Posted March 20, 2021 in eNews
We apologize for putting out an email version of the enews that incorrectly stated that the American Rescue Plan was $1.9 billion instead of $1.9 trillion.
Policy by the numbers, from Policy Matters
$1.9 trillion: Total amount of aid included in the American Rescue Plan, which (finally!) passed last week. The historic aid package will be a lifeline for Ohioans, as Executive Director Hannah Halbert explains in our press statement.
92%: Share of Ohio children living in households that will benefit from the Rescue Plan’s expansion of the Child Tax Credit. (That’s from the same statement linked above; it’s just too amazing to leave out…)
$40,532: On average, the annual amount by which Ohio’s leaders cut state taxes for the wealthiest 1% between 2005 and 2018. Ohio can be a state with great schools, clean water and air, and strong support for people when times get tough. But we can’t get there without the wealthy and corporations paying their fair share. We have lots of ideas for how to rebalance the tax code; get a taste of them in a new Budget Bite from Research Director Zach Schiller and Senior Project Director Wendy Patton.
Roughly 4 days: Amount of time between the passage of the American Rescue Plan and Ohio Attorney General Dave Yost filing a lawsuit that would enable legislators to spend the aid on even more tax cuts instead of using it to help our communities recover. Zach Shiller was having none of it; read his statement here.
$0.00: Total cost of recognizing racism as a public health crisis, an essential first step toward repairing damage from centuries of systemic racism. That’s one of four budget recommendations from the Health Equity Network, described in a Budget Bite by Senior Researcher Amanda Woodrum. (The other three recommendations don’t cost much more than that. The Budget Bite includes a handy table outlining each recommendation, its cost and major benefits!)
20%: Share of Ohio’s transportation budget that should be spent on healthy transportation choices such as public transit, rail, electric vehicle infrastructure and walkable/bikeable streets—That’s according to another Budget Bite from Amanda Woodrum.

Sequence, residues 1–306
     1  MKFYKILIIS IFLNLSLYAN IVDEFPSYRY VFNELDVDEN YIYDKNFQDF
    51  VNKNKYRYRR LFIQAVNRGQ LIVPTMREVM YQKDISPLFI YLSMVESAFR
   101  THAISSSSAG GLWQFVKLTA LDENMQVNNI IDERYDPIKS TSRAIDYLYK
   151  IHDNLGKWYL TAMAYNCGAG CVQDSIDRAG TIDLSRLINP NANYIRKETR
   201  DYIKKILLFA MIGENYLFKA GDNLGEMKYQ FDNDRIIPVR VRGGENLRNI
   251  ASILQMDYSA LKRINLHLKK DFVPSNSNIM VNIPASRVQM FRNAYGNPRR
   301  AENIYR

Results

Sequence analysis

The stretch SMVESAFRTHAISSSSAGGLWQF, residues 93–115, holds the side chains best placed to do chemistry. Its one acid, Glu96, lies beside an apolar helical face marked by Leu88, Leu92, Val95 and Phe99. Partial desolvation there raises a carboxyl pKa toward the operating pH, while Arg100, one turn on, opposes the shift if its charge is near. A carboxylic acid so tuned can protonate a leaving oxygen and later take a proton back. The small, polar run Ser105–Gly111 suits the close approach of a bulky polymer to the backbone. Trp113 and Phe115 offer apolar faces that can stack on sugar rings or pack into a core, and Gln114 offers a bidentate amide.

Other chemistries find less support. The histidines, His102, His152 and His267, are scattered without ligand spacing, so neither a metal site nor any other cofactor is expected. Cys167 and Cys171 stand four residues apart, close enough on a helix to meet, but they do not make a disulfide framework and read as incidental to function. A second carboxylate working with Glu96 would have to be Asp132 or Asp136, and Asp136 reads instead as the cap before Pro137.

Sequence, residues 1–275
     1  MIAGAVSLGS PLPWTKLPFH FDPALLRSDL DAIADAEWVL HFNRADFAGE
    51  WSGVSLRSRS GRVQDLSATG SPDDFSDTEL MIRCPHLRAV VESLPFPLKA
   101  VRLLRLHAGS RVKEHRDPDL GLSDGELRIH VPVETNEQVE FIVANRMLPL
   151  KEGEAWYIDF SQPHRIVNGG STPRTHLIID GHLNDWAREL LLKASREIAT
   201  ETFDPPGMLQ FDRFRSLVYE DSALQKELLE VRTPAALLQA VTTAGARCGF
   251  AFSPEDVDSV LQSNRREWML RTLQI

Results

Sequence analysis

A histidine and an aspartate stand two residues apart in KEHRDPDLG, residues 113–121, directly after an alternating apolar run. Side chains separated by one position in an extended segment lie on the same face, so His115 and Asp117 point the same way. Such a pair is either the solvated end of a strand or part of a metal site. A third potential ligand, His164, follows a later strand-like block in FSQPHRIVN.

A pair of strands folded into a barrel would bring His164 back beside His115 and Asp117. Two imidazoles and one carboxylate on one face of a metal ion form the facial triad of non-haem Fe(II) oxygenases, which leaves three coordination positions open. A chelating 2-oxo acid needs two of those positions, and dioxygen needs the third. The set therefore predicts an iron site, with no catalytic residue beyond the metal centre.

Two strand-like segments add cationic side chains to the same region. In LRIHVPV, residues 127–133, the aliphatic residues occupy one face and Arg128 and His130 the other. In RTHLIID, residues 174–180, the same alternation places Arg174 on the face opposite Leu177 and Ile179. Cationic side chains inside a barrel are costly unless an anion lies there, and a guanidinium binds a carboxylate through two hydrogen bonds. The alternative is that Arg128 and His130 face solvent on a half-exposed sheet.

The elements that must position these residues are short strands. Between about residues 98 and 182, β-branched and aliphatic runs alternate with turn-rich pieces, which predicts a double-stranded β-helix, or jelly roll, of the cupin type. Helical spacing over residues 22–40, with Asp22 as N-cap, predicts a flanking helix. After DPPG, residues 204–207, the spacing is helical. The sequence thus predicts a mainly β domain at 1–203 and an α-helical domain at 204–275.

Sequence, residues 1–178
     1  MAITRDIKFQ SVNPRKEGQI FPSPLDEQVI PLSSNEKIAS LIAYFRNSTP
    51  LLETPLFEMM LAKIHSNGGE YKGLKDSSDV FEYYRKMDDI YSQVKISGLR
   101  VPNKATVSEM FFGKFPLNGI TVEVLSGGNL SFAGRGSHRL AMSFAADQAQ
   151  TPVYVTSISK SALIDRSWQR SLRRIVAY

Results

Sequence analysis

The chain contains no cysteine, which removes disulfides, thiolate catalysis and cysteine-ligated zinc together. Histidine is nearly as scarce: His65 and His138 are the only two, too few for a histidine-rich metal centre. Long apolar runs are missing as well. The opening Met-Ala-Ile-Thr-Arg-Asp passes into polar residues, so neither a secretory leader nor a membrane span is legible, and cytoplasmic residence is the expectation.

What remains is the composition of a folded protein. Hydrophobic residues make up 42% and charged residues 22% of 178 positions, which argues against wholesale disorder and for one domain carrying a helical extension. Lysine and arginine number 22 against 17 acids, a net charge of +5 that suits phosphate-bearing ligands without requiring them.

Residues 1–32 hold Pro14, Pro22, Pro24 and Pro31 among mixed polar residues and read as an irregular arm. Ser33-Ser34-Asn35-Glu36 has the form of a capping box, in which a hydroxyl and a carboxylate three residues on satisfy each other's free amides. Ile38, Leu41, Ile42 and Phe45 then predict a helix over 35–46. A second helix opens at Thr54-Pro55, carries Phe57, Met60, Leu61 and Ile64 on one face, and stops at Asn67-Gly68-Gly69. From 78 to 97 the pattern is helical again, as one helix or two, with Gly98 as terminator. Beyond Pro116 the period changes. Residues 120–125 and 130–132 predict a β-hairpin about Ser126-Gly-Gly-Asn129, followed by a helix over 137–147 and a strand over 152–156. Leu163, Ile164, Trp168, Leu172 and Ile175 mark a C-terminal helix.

<2%: Share of Ohio’s transportation budget legislators have proposed to allot for public transit in each year of the biennial budget. That’s one of the reasons Amanda also submitted written testimony to the Ohio Senate Transportation Committee, pressuring them to do more to ensure every Ohioan has safe, healthy transportation options.
307,000: Number of jobs cut by Ohio employers in 2020. That’s even worse than the initial estimate of 290,000, meaning a year of devastating losses for Ohio’s working people was in fact even worse than we thought. On the bright side, 28,900 jobs were added in January, and revised numbers for December show improvement as well. Researcher Michael Shields digs into the numbers in this month’s JobWatch.
$8,287,767: Amount of “origination fees” collected by installment lenders in 2019. According to Project Director Kalitha Williams, these fees are unnecessary and unrelated to the loans to which they are added. A provision in House Bill 133 would allow unscrupulous lenders to add even more exploitative fees, saddling borrowers with even more debt and making it even harder to pay back the loan. Kalitha submitted testimony to the Ohio House Financial Institutions Committee, warning that the provision would harm Ohioans who are already doing everything they can to get by.
$50 million: Amount of the state budget Gov. DeWine proposed to spend on a public relations campaign designed to attract people to Ohio. During a time of extraordinary challenges, Ohioans need a budget for everyone, not a few billboards in Times Square. In testimony submittedto the Ohio House Finance Committee, Senior Project Director Wendy Patton outlined a People's Budget for Ohio.
24: Number of hours (in mean solar time) in one day on planet Earth. Despite this limitation, Executive Director Hannah Halbert still manages to do things like become the Board Chair for the Ohio Association of Nonprofit Organizations.
ROAST highlights: Did you miss the (Virtual) ROAST of Amy Hanauer on December 16, 2020? Do you want to relive the night honoring Policy Matters Ohio's Founding Executive Director, Amy Hanauer? We got you covered. Check out the Highlight Reel, giving you the best of the burns from our virtual event celebrating 20 years of Policy Matters Ohio.
NEO Worker Center: Interested in building worker power in Cleveland and beyond? Tune in on Zoom for the NEO Worker Center’s March open meeting, Thursday, March 25th from 12:00 – 1:00. This year, we’ll be creating a worker bill of rights and a wage theft/worker resource hub. Email Grace Heffernan for Zoom credentials at email@example.com.
Fair School Funding webinar: Join a bipartisan group of legislators and union and school leaders to learn how the Fair School Funding Plan will provide an equitable, comprehensive, transparent funding model that will change the face of public education for 600+ school districts and 1.7 million students across Ohio. Tune in on Zoom, Tuesday, March 23 at 7:00pm. Register here.
City Club of Cleveland virtual forum: Tune in live on Tuesday, March 30 at noon for “Learning Disrupted?: The Future of K-12 Education After a Pandemic.” Learn more here.